Hello everyone! Jordan here. GameSpot went into June with plans to kick off Play For All, a combo platter of gaming celebration and charity effort to raise money for COVID-19 relief. And we’re still doing that, don’t worry. But there’s a lot more going on in the world than COVID-19 right now. Cities across the US are now witness to massive protests against the ongoing violence towards black individuals suffering police brutality. In support of the protests, GameSpot has shifted the message of Play For All. We’re still raising money for COVID-19 relief, but we want to also show our support and raise money for Black Lives Matter.

So we want to take the time to highlight black creators and the work they do, whether they work for GameSpot or other parts of the industry. On our front page and social media, we’ll be sharing articles, videos, and podcast episodes that you may have already seen before, here or otherwise. We’ve compiled and will continue to add to a list of work below. That list includes projects that look at the black experience in pop culture, like Alessandro Fillari’s exploration of Far Cry 5’s setting and how it made him feel like an outsider and my look at how disappointing it is to see Borderlands 3 hand-waving the racist undertones of H.P. Lovecraft’s stories in its Guns, Love, and Tentacles DLC, as well as projects that have less to do with race but offer something you might still find interesting, such as Greg Thomas’ video of the 11 times that The Twilight Zone predicted the future. We urge you to take a few minutes to check out some of the coolest pieces of work from the black creators that are carving out a space for themselves in our industry every day.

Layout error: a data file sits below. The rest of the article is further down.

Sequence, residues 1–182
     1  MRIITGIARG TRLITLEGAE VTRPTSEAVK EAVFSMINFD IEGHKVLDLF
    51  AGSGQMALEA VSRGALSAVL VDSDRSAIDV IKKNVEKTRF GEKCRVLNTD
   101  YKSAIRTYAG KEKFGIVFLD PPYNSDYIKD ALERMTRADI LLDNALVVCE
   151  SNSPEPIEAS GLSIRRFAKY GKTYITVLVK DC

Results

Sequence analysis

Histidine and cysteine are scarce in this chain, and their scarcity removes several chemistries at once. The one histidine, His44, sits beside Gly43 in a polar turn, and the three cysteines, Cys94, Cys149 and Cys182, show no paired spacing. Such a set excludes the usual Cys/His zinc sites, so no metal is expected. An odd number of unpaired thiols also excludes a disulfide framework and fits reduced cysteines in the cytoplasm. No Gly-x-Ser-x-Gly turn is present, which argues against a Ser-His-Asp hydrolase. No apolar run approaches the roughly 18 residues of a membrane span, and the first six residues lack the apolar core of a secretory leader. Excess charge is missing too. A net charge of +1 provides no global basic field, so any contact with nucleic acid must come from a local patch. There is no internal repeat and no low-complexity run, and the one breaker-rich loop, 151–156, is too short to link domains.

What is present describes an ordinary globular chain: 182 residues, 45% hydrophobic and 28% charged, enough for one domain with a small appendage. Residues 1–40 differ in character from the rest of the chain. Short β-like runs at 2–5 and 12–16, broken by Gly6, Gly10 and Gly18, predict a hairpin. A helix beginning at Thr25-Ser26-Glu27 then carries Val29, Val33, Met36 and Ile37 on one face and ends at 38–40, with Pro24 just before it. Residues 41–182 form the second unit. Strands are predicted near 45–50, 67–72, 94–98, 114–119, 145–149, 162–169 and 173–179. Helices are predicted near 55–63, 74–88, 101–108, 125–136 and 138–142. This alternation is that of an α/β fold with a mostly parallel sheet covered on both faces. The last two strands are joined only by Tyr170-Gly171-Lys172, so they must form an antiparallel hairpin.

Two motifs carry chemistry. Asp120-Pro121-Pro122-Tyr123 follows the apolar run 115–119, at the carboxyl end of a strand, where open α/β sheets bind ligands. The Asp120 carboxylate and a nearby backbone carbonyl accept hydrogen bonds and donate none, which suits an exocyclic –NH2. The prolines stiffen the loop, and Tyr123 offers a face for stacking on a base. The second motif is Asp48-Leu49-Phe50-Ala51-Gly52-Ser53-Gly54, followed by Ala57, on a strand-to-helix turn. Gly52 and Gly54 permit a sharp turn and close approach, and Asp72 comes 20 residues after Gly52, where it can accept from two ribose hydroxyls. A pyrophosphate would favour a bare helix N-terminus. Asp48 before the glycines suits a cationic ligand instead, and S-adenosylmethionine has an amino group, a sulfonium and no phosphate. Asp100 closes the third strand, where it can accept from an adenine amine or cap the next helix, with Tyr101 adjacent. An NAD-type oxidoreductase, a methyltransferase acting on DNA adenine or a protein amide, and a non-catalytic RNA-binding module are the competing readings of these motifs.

Of course, the conversation doesn’t stop there. Acknowledging that there is a difference in how black people are generally treated when it comes to the police shouldn’t be the end of the conversation, and neither should these articles, videos, and podcasts that look at how race has informed representation in pop culture. Action is necessary, as is education. If you’re looking for ways to be educated in order to better know how to take action, consider reading Ta-Nehisi Coates’ Between The World And Me, Cornel West’s Black Prophetic Fire, Ibram X. Kendi’s How To Be An Antiracist, or Ijeoma Oluo’s So You Want To Talk About Race. Writer and journalist Joshua Adams (@JournoJoshua) has also highlighted a pretty stellar list of reading material on Twitter–we’ve embedded their list below.

If you’re having trouble getting access to these books, there’s also an extensive collection of work collated in the ACLU database that’s worth perusing.

Black Creators Round-Up

Projects By Black Creators About The Black Experience

Projects By Black Creators

Now Playing: Support Black Lives Matter – GS After Dark #44



Source link